Gecko’s tail has a mind of its own

Geckos will shed their tails as a decoy for predators, but little is known about what controls the complex movements of the tail once it separates from the lizard’s body. Now, a new study shows that the signals responsible for the movements of the detached tail begin in a “control center” at the very end of the tail.

Writing in the journal Biology Letters, Anthony Russell of the University of Calgary and Tim Higham of Clemson University explain that shed tails exhibit not only rhythmic, but also complex movements, including flips, jumps and lunges.

“Much is known about the ecological ramifications of tail loss, such as distracting predators, storing energy reserves and establishing social status, but little is known about the pattern and control of movement of automized gecko tails,” says Russell. “What we’ve discovered is that the tail does not simply oscillate in a repetitive fashion, but has an intricate repertoire of varied and highly complex movements, including acrobatic flips up to three centimeters in height.”

“An intriguing, and as yet unanswered, question is what is the source of the stimulus is that initiates complex movements in the shed tails of leopard geckos,” adds Higham. “The most plausible explanation is that the tail relies on sensory feedback from the environment. Sensors on its surface may tell it to jump, pivot or travel in a certain direction.”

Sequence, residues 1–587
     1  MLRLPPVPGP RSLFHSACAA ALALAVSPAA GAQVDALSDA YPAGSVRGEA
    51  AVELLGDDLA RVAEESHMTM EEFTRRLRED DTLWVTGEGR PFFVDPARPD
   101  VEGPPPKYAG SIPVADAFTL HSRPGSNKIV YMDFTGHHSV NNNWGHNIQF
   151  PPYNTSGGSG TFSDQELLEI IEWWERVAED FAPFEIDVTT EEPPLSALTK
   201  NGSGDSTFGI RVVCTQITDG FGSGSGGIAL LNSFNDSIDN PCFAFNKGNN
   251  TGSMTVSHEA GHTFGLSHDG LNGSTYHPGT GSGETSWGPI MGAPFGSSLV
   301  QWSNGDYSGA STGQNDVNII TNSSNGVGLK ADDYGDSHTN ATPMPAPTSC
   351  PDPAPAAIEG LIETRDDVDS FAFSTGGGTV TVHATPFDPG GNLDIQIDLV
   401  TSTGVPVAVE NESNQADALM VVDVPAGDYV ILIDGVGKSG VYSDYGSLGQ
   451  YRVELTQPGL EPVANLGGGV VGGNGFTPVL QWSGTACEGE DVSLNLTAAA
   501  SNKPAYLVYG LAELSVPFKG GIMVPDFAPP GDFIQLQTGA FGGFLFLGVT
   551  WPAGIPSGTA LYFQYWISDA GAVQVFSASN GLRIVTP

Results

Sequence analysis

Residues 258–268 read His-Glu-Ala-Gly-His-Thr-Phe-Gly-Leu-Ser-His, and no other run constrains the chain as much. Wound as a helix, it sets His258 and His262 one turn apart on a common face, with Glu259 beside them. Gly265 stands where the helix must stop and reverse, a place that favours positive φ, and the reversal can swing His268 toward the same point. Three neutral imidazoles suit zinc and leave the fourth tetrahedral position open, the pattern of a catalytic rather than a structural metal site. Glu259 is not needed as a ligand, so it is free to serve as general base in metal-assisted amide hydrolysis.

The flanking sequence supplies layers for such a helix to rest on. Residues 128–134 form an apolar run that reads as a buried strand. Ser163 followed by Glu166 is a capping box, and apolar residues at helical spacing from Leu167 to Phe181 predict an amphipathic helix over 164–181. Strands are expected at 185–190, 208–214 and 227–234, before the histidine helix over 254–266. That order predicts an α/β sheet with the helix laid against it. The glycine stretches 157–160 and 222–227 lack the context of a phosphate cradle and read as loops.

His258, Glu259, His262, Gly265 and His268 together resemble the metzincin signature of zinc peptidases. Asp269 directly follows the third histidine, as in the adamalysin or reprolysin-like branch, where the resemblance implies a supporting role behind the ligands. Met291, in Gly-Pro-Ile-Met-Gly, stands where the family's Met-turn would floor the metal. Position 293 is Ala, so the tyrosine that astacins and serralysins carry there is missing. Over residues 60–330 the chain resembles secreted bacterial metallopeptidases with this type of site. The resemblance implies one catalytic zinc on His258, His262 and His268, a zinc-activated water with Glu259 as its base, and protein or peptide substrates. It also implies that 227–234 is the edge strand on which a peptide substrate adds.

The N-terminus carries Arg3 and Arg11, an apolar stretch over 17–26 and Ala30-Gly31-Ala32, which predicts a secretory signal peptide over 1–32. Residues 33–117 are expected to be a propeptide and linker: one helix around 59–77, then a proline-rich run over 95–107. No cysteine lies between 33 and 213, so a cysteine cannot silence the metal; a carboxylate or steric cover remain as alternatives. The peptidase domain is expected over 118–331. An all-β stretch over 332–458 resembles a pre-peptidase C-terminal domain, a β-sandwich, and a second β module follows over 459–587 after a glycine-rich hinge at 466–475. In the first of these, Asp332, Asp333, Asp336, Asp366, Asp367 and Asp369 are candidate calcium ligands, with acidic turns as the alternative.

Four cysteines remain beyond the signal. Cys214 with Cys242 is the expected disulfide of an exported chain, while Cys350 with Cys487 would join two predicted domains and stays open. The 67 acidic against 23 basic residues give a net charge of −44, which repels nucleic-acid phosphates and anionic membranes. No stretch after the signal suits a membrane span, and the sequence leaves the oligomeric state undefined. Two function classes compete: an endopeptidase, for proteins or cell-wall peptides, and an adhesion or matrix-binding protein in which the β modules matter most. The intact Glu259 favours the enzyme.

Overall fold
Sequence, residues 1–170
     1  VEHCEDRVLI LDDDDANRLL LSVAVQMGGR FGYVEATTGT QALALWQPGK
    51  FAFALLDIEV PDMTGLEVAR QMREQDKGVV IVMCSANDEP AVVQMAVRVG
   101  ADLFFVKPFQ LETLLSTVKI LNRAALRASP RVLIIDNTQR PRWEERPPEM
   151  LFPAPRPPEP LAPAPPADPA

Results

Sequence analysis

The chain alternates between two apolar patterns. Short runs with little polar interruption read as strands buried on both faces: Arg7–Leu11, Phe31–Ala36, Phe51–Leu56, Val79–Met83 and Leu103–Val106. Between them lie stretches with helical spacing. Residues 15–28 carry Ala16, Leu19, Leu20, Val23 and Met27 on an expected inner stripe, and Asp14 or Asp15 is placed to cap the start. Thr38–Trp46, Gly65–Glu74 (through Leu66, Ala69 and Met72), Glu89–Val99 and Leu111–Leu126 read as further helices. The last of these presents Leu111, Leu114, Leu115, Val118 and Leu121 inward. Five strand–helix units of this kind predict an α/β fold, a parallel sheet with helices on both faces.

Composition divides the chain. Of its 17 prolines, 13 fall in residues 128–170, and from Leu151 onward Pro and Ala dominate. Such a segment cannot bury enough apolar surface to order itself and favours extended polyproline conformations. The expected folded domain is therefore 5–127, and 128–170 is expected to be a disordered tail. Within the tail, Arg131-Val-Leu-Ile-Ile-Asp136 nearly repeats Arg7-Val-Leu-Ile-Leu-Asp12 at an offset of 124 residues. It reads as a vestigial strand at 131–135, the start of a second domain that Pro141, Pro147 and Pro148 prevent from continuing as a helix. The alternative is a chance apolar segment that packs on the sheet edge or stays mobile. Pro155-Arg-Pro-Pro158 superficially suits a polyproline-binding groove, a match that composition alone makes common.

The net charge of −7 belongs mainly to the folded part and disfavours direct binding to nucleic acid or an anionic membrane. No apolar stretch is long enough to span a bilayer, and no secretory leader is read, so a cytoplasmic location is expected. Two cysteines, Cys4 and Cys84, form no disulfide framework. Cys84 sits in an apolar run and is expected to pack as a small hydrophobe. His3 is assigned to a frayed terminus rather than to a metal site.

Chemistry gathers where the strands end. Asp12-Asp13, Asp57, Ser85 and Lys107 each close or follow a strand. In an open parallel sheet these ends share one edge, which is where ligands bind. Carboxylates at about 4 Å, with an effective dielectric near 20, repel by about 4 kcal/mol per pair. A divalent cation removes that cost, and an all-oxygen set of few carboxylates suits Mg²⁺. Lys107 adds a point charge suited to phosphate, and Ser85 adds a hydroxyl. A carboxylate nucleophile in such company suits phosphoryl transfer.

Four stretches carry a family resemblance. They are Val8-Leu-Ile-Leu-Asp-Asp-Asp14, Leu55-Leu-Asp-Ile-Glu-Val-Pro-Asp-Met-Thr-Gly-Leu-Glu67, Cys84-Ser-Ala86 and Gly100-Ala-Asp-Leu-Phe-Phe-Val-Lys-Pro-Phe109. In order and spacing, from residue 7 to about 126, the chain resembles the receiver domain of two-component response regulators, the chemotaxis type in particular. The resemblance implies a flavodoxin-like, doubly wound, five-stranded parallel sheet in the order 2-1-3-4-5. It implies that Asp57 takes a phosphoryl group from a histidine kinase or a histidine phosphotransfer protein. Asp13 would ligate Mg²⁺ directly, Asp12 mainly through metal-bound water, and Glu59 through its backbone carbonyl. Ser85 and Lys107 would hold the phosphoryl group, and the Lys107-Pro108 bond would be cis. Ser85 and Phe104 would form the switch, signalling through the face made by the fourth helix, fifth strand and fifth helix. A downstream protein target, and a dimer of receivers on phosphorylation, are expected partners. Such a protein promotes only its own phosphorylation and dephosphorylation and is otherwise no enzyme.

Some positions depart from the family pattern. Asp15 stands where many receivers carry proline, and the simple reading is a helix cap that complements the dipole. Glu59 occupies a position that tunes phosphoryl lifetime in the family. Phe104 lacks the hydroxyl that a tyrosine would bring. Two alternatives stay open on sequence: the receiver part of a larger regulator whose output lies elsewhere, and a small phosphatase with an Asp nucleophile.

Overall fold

The ability of an animal, or part of an animal, to move without the active control of higher centers in the brain is well known, but this generally occurs as a result of traumatic physical injury. Tails of lizards are shed under the animal’s own control. Because of this, the behavior of the shed part has adaptive evolutionary importance and its actions are programmed to assist in the owner’s survival. The movements are coordinated by the part of the spinal cord that is housed in the tail. The isolated tail serves as a vehicle for studying the ways that nerves and muscles act together to generate controlled but complex outputs in the absence of the influence of the brain.

The study shows that the signals responsible for movements of the shed tail begin at the very far end of the tail, indicating that there is a control centre located there that is likely overridden by higher centers until the tail is shed, at which point its potential is realized. The new findings are significant as they can provide a model for studying the complex functions of the spinal cord and the effects of spinal cord injuries. “The automized gecko tail may be an excellent model for understanding the spontaneous activity that is sometimes observed following partial or complete spinal cord injury,” says Russell.

Related:
Lizards Pushed Into Evolutionary Fast Lane

Source: University of Calgary

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